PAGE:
The self-reporting obligations under the Act in summary, require the cardholder to self-report if they have been charged with, convicted, or found guilty of a sexual, violent or drug offence, or the offence has been dealt with by a Court in some way. In addition a cardholder must notify the Dept of a professional misconduct determination; or if the cardholder has become subject to reporting obligations imposed under:

  • Part 3 of the Sex Offenders Registration Act 2004
  • Serious Sex Offenders Monitoring Act 2005
  • Serious Sex Offenders (Detention and Supervision) Act 2009

The Dept, upon receipt of information that an existing cardholder has been charged with a prescribed criminal offence, may seek further information from the cardholder and may issue that cardholder with an Interim Negative Notice. By law the cardholder is then required to notify the organisation for whom they are engaging in child-related work about the interim negative notice issued to them.

The cardholder will be notified informing them of an intention to issue a negative notice and an invitation to respond by way of a written submission as to why the cardholder is eligible to retain their eligibility. Thus the process is the same for new applicants. After receiving and considering written submissions, the Dept will decide the application and, if unfavourable, a Negative Notice will be issued.

What are the options for responding to a Negative Notice
Time is of the essence. The Act provides a regime where depending upon the category of assessment notice being considered, the relevant timeframe is either 14 (Category A) or 28 days (Categories B & C). The notice will specify the period in which to respond.

An applicant or a previous cardholder may re-apply within the 5 year ban if they can establish a change in circumstances (refer to discussion above).

In addition, the recipient of a Negative Notice may appeal to the Victorian Civil and Administrative Tribunal (VCAT) within 28 days of the date on the Negative Notice.

VCAT in determining the appeal has a various options:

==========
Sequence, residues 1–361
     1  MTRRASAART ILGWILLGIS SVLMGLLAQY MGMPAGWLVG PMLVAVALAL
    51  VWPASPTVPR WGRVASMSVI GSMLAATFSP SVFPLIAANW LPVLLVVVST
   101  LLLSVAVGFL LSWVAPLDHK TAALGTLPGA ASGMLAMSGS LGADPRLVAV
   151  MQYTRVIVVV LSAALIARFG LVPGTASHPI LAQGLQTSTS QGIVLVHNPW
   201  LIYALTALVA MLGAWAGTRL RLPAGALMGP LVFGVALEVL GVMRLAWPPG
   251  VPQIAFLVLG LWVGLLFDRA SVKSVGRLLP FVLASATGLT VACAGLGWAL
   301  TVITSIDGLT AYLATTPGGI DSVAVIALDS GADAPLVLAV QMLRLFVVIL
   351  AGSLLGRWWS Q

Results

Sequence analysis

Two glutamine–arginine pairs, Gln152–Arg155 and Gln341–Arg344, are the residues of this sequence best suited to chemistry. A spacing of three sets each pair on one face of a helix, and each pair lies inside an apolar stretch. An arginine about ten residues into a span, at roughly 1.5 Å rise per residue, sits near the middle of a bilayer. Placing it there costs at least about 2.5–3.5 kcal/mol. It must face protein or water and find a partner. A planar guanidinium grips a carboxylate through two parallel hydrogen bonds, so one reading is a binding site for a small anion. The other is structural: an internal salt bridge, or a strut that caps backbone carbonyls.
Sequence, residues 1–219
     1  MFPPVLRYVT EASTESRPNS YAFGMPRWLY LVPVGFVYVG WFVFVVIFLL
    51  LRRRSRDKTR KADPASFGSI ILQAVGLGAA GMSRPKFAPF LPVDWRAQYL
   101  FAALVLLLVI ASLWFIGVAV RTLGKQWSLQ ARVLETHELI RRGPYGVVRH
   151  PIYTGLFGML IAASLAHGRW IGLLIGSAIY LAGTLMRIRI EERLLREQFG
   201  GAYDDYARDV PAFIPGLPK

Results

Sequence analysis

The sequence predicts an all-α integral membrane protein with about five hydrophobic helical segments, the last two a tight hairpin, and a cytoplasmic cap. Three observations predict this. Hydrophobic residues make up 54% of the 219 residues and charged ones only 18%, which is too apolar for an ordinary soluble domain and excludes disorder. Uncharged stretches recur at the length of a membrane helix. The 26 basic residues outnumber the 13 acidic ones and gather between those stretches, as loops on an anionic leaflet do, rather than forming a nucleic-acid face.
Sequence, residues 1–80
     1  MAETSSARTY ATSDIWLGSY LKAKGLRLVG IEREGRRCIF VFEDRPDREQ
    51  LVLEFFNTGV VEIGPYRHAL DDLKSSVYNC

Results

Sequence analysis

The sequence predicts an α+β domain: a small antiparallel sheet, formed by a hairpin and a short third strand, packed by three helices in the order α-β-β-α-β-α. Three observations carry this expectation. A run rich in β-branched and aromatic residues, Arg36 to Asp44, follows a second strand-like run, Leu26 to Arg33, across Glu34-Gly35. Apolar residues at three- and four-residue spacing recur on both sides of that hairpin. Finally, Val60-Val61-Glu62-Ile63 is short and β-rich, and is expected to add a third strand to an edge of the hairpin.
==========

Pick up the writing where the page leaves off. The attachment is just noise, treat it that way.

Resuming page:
• Stay the Negative Notice pending your appeal
  • Affirm with the decision of the Department to issue a Negative Notice
  • Request the Dept to set aside the Negative Notice and issue an assessment notice (positive)
  • Request the Dept to reconsider the matter

What is the impact of a negative assessment of the application?
An applicant who is determined by the Dept of Justice and Regulation as being unsuitable, for posing an unjustifiable risk to the safety of children, will be issued a Negative Notice. A Negative Notice prevents a person from engaging in child-related work, and is issued to all the organisations nominated by the applicant in their application. The effect of a negative notice is to render the applicant without permission to engage in child-related work, and the Act creates an offence for engaging in child-related work without a positive assessment. A Negative Notice remains in force for a period of 5 years.

What if the circumstances that initially justified a Negative Notice change?
The Act provides that unless there is a relevant change in circumstances, a holder of a Negative Notice cannot re-apply for a further assessment until the expiration of the 5 year period. A relevant change in circumstances might include the following:

  • A pending criminal charge that is withdrawn or struck out by the Court
  • A finding of not guilty in respect to a pending charge
  • A finding of guilt is set aside
  • A person no longer requiring to report under:
    • Sex Offenders Registration Act 2004
    • Serious Sex Offenders Monitoring Act 2005
    • Serious Sex Offenders (Detention and Supervision) Act 2009

What factors does VCAT consider in their determination of an appeal?
Before VCAT can request the Dept to reverse their decision to issue a Negative Notice, VCAT must be satisfied that their decision gives paramount importance to the safety of children; that the appellant would not pose an unjustifiable risk if granted a card; and that it is not contrary to the public interest for the Dept to issue a card to the applicant.